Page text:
Trans-Tasman travellers will enjoy laptop power sockets and and video screens at every seat as Qantas' three new Boeing 737-800 aircraft begin flying "across the ditch" between Australia and New Zealand this month.
The new planes will start out on the high-traffic Sydney-Auckland, Sydney-Wellington, Melbourne-Auckland and Melbourne-Wellington routes, with Sydney-Christchurch flights from March.
Competitor Pacific Blue (a subsidiary of Virgin Blue) already flies the newer 737-800 to and from New Zealand but these lack some of the Qantas drawcards such as Marc Newson-designed seating with AC power outlets and USB ports for keeping the batteries on laptops, smartphones and tablets charged up, or just giving them a top-up before you land.
Also fitted from tip to tail are touchscreen video panels with the same 'on demand' video and audio technology as Qantas' Boeing 747 and Airbus A380 flights.
Qantas has been flying select Airbus A330-200s equipped with in-seat power, USB and in-seat touchscreens on its longest domestic flights between the east and west coast of Australia since 2009, but this is the first time Qantas has provided these amenities on a trans-Tasman flight.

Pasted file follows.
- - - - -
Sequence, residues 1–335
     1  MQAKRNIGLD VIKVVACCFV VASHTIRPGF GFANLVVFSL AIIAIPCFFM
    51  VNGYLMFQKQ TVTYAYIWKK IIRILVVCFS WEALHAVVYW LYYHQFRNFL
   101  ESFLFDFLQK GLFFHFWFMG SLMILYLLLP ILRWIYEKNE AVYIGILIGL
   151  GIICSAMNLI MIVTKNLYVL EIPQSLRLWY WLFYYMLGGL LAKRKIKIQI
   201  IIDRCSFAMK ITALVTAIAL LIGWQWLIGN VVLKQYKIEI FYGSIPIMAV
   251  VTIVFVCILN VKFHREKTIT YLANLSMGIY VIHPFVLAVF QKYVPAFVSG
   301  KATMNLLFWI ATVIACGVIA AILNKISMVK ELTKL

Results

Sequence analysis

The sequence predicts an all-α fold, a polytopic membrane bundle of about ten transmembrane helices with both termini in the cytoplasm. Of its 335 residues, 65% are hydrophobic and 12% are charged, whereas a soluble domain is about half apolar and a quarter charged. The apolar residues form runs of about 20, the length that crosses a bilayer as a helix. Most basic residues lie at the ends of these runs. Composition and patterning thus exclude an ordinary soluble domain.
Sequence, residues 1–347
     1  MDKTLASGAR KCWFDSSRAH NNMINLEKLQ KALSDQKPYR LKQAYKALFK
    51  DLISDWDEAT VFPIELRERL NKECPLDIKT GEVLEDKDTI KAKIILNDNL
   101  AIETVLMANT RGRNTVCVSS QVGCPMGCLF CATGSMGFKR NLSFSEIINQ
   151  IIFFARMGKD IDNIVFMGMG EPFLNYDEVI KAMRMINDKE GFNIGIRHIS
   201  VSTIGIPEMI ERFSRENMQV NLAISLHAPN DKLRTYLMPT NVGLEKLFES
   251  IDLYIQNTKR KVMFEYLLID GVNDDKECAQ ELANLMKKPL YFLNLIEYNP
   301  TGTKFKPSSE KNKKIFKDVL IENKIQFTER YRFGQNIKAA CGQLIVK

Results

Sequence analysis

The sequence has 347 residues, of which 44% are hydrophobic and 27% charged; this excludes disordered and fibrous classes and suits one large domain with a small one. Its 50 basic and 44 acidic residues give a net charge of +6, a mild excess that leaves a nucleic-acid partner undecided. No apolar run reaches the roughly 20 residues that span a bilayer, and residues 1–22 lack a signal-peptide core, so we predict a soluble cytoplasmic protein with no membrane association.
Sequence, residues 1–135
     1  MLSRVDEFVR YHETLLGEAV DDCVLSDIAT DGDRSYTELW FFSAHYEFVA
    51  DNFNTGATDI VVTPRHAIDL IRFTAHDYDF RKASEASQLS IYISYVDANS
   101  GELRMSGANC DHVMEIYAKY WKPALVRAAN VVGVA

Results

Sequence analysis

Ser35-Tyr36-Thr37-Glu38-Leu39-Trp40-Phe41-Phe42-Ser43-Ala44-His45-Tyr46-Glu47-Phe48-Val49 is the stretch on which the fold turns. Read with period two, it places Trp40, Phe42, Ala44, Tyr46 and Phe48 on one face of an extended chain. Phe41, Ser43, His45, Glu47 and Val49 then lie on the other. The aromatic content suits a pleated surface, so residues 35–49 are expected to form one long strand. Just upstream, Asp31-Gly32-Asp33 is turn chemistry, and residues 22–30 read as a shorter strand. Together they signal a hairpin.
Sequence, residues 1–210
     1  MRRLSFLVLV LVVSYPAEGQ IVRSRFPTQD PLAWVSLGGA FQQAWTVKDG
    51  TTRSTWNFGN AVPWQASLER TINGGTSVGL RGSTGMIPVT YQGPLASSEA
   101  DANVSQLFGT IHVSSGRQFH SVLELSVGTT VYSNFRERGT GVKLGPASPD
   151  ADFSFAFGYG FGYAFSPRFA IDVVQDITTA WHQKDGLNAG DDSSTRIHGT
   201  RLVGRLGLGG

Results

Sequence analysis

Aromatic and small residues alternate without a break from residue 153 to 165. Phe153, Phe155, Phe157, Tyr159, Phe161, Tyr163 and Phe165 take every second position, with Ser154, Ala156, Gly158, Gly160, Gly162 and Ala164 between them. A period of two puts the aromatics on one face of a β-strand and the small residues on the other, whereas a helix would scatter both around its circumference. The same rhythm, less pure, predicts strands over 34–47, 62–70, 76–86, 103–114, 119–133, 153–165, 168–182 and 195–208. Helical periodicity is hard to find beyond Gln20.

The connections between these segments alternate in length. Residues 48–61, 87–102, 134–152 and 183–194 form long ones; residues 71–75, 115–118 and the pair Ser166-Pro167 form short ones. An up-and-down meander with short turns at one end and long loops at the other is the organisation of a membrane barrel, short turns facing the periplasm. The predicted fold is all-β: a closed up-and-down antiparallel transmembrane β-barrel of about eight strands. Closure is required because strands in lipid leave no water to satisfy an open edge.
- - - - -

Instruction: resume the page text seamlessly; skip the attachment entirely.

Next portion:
Business class passengers like the contented gent above will be seated two either side of the aisle in the first three rows at the front of the plane with a relatively tight 37" pitch (the space between your seatback and the one in front) -- that's one inch less than Qantas' longhaul premium economy, although it's certainly bearable for the four hour flying time.
Here's the obligatory 'cheat' shot of economy class implying a lot more legroom than there really is... and having nobody next to you, or kicking your seat from behind you (and not even a seat in front of you) is always a bonus.
It's much more of a squeeze in economy, with a knee-crunching 30" pitch (that's a full inch less than Pacific Blue) in the 156 economy seats ranked in a three-three layout. We'll soon be checking out the new aircraft to report on the best seats -- or perhaps, the least-worst seats? -- in the 737-800's economy cabin.
These three Boeing 737-800 'Next Generation' aircraft are the first of 14 due for delivery this year, a Qantas spokeswoman told Australian Business Traveller, and will replace some of the carrier's original first-generation 737-400s -- the oldest of which was delivered 18 years ago.
The shape of 'things with wings' to come: a sneak peak at the Sky Interior we expect to see on future Boeing 737-800 deliveries later this year.
Deliveries of the 737-800 in the second half of the year are tipped to be fitted with Boeing's 787-themed Sky Interior.